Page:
Merchants who respond to chargebacks manually are pulling their hair out as they picture 30 percent shorter deadlines and more stringent rules around what qualifies as evidence. But ones who handle disputes automatically, as Chargehound’s customers do, aren’t sweating the change at all.
Pallavi Kuppa-Apte, head of sales and marketing at Chargehound, said there are two main functions that Chargehound provides that will make the transition a non-issue for customers.
First, other merchants will be feeling the pressure to respond to disputes as quickly as possible. One chargeback response can eat up around 30 minutes when done manually, she said. It takes full-time employees to get it done.
Meanwhile, said Kuppa-Apte, Chargehound can submit responses instantly and automatically – up to 10,000 of them per minute. The startup is already doing this. Dispute windows shrinking from 45 days to 30 will not impact this functionality at all, and when that window is further shortened to 20 days next year, Chargehound will be just as cucumber-cool about it. Instant is instant, no matter the deadline.
Second, while others worry about the evidence they’re submitting and the types of disputes they’re fighting, Kuppa-Apte said Chargehound’s responses are based on templates that are unique to each business, which get sent out to the bank.
So while other merchants will have to change workflows, which means retraining staff and therefore inviting downtime, merchants working with Chargehound can sit down at the computer for five minutes to modify the template, adding evidence or changing the types of disputes to which they respond.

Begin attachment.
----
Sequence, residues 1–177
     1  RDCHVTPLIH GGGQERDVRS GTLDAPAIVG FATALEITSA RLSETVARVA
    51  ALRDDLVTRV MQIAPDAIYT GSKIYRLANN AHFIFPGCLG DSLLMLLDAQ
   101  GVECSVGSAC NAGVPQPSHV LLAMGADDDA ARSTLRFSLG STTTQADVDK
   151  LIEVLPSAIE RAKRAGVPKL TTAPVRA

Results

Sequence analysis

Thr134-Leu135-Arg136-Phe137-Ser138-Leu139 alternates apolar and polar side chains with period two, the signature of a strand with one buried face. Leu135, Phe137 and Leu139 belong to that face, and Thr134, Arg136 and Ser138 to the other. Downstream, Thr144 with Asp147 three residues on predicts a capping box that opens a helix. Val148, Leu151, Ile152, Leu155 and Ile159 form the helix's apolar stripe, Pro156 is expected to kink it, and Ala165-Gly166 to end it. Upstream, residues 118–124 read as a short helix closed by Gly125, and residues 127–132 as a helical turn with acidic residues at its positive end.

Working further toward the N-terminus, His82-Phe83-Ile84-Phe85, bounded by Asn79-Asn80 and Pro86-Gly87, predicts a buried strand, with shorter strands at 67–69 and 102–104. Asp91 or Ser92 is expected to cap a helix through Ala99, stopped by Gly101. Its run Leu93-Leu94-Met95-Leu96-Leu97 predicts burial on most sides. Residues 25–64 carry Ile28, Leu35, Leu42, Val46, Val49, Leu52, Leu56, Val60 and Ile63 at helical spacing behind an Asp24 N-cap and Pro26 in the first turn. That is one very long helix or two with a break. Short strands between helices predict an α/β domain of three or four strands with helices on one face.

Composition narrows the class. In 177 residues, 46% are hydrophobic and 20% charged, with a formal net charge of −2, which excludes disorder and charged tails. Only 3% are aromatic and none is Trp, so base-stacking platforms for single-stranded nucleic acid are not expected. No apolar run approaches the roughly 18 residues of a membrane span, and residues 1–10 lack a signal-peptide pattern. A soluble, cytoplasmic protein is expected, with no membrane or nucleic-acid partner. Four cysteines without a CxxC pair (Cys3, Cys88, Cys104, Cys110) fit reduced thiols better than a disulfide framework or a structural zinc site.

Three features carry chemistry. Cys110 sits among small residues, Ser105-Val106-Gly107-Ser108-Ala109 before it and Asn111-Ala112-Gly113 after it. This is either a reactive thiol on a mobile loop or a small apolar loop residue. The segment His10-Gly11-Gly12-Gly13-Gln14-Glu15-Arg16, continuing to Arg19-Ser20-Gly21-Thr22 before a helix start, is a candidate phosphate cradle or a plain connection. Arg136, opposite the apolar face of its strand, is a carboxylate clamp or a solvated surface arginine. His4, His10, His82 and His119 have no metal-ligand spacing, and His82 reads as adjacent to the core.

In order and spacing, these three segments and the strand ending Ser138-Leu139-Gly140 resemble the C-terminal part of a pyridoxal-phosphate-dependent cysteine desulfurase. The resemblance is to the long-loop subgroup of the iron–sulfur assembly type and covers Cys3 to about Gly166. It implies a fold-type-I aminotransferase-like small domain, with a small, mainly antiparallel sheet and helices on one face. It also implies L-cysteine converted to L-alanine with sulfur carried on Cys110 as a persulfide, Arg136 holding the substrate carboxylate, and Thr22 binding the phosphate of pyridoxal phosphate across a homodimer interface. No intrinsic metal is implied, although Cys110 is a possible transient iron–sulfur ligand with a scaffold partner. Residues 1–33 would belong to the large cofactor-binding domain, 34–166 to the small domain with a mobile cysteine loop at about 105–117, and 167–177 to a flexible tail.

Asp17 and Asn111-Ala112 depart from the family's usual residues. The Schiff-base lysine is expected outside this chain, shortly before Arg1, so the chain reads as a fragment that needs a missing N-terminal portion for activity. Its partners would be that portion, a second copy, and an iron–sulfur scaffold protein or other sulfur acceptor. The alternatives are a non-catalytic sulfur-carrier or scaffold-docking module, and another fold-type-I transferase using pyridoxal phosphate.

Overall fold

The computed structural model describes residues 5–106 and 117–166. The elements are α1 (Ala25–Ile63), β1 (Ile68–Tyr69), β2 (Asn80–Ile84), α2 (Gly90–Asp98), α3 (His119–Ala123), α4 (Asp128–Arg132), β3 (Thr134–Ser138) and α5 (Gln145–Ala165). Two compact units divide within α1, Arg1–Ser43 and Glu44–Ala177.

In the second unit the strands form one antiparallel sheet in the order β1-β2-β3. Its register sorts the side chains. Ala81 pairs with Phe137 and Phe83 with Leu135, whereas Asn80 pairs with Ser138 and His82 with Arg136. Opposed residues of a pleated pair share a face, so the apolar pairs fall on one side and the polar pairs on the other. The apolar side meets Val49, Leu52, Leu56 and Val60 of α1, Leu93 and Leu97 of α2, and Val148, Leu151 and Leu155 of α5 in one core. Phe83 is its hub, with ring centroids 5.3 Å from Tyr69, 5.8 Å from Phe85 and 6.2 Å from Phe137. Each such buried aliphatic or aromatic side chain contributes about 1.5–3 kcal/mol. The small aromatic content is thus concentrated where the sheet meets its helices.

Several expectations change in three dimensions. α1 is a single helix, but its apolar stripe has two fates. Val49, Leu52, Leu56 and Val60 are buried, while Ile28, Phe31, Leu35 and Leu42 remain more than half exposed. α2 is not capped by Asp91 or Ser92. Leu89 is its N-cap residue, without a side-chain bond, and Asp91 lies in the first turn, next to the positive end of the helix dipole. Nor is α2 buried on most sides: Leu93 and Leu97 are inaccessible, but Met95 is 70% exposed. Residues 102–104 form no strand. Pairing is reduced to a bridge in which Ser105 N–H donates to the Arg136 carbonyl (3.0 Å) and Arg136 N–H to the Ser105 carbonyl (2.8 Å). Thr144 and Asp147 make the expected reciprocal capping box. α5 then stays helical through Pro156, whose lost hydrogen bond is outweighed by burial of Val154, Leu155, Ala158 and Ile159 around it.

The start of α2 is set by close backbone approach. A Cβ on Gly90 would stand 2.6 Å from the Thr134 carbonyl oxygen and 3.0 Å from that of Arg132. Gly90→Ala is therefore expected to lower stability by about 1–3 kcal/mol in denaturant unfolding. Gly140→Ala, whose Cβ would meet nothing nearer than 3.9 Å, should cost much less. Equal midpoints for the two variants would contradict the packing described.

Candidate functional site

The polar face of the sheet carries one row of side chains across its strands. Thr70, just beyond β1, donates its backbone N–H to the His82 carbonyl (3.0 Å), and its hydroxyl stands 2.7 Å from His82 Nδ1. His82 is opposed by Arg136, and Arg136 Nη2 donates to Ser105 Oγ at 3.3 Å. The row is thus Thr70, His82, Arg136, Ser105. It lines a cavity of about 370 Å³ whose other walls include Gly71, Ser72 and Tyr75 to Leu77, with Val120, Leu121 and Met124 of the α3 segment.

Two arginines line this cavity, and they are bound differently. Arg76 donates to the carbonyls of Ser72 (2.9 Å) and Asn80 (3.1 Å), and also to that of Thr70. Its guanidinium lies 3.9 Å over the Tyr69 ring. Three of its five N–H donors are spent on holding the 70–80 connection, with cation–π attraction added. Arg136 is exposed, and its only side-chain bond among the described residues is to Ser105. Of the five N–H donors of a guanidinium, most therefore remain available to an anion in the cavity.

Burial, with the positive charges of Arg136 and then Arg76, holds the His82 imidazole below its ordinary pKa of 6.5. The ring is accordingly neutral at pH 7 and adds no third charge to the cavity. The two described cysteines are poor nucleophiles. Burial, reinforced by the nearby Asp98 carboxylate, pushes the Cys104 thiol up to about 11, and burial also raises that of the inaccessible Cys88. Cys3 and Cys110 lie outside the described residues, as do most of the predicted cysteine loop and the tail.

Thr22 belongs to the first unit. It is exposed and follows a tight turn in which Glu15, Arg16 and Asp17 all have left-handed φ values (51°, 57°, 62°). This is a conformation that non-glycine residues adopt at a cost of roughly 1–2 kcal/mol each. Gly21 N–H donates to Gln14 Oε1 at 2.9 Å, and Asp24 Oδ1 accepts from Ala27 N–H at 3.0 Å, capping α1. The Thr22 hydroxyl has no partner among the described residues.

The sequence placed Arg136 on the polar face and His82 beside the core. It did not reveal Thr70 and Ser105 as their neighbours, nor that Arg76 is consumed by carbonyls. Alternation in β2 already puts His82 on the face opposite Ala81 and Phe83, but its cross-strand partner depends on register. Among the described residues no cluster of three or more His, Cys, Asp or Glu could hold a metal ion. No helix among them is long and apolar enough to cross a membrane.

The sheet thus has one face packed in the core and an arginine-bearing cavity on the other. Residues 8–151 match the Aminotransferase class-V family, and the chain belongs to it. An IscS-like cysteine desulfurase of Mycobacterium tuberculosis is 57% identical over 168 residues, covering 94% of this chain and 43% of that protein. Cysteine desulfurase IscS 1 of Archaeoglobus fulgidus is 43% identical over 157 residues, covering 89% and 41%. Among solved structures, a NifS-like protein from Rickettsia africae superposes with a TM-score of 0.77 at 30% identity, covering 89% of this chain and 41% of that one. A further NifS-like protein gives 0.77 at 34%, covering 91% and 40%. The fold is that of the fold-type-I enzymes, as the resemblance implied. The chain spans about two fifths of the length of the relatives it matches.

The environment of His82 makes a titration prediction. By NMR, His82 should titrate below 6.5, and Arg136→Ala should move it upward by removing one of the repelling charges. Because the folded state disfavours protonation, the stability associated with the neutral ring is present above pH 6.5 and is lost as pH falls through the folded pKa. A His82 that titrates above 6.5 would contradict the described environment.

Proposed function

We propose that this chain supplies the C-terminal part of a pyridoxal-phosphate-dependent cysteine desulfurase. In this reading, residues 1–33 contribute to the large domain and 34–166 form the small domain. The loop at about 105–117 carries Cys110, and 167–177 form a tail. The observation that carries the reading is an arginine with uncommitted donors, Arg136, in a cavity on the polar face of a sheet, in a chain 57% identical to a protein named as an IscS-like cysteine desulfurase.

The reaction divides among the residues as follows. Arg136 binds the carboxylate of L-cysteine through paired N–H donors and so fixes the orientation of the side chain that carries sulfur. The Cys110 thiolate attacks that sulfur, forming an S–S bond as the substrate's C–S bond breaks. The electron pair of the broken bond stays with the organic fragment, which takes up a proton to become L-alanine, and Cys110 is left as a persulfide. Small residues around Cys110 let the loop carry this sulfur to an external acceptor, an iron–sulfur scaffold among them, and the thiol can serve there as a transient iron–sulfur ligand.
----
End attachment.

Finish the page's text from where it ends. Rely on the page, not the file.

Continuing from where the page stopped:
The workflow doesn’t take any longer, no retraining is necessary and there is no downtime during the transition.
Far from feeling anxious about the liability shift, Kuppa-Apte said Chargehound is almost excited about it, because it creates more ways for the startup to deliver value to customers. She said merchants should be automating this whole process, anyway – there’s no reason, in 2018, to worry about hiring three times more people to meet manual deadlines. Visa’s new rules are just another reason for merchants to finally take that step, she said.
When something like this becomes top of mind, said Kuppa-Apte, many parties – such as banks and card networks – will be thinking about how to change it in a way that’s best for themselves, but that’s not always best for the merchant. By automating, merchants ensure that deadlines, staffing costs and adjusted workflows are not issues; all can be achieved within minutes.
“This is a growing problem that’s just becoming more and more urgent,” Kuppa-Apte said. “Automate it now. Enter the 21st century. Our perspective on the rule changes is different, because our customers don’t have to spend any effort on it – it’s just another payments drama they can put on mute.”